Winston-Salem (N.C.) Journal's Tim Clodfelter: "Like the comic strip, the animated Dilbert works best when it focuses on the workplace. The scenes in Dilbert's home vary from uneven to unwatchable. When it works, Dilbert can be hilarious, with biting humor that no live-action series could get away with." Chicago Sun-Times' Phil Rosenthal: "Adams' droll three-lines-and-out humor loses all its subtlety here. The truth is, there already is a successful version of 'Dilbert' on the air: ABC's The Drew Carey Show. "
Chicago Tribune's Steve Johnson: "Even though it is intermittently quite funny, Dilbert is still a touch flat and a few notches too unlikely to be effective satire."
Colorado Springs Gazette's Katie Johnston: "The half-hour TV show promises to be even wackier than its printed version. Meetings end in nudity, souls of ex-employees are kept in jars, budget cuts inspire looting and gunfire."
Dallas Morning News' Ed Bark: "The hollowed-out denizens of Dilbert are best tolerated in three-panel doses on newspaper funny pages. Give 'em a whole half-hour and they quickly wear thin. Even the profane kids of South Park have more character than these soulless corporate clods."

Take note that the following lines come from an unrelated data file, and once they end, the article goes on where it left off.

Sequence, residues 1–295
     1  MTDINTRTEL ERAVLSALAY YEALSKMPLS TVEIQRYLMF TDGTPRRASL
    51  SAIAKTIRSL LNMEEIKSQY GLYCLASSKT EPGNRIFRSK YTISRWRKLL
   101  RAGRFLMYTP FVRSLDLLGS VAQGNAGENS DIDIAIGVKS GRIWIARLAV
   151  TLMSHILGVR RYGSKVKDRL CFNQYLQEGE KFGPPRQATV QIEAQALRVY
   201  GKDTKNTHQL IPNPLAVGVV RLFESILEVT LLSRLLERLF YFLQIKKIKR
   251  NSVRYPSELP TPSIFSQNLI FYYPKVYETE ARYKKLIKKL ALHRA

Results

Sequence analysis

Long Island, N.Y., Newsday's Marvin Kitman: "Dilbert is cool. [It] has a marvelously written, witty script by Larry Charles (Mad About You the good early years and Seinfeld) and strip creator Scott Adams."
Los Angeles Times' Howard Rosenberg: "Prime time's Dilbert affirms that the slender baton of cutting-edge sitcomedy has been passed to animation."
New York Post's Michele Greppi: "Daniel Stern supplies the voice of Dilbert, the lump-headed, spud-bodied Every Employee who knows there's got to be a better way to spend his days and nights. [But] Dogbert is the breakout character. A real scenery chewer."
The New York Times' Caryn James: "Though the show begins as a reflection of reality, its comic appeal is that it swiftly moves into the realm of lunacy and catharsis, with the characters saying and doing what all put-upon workers wish they could."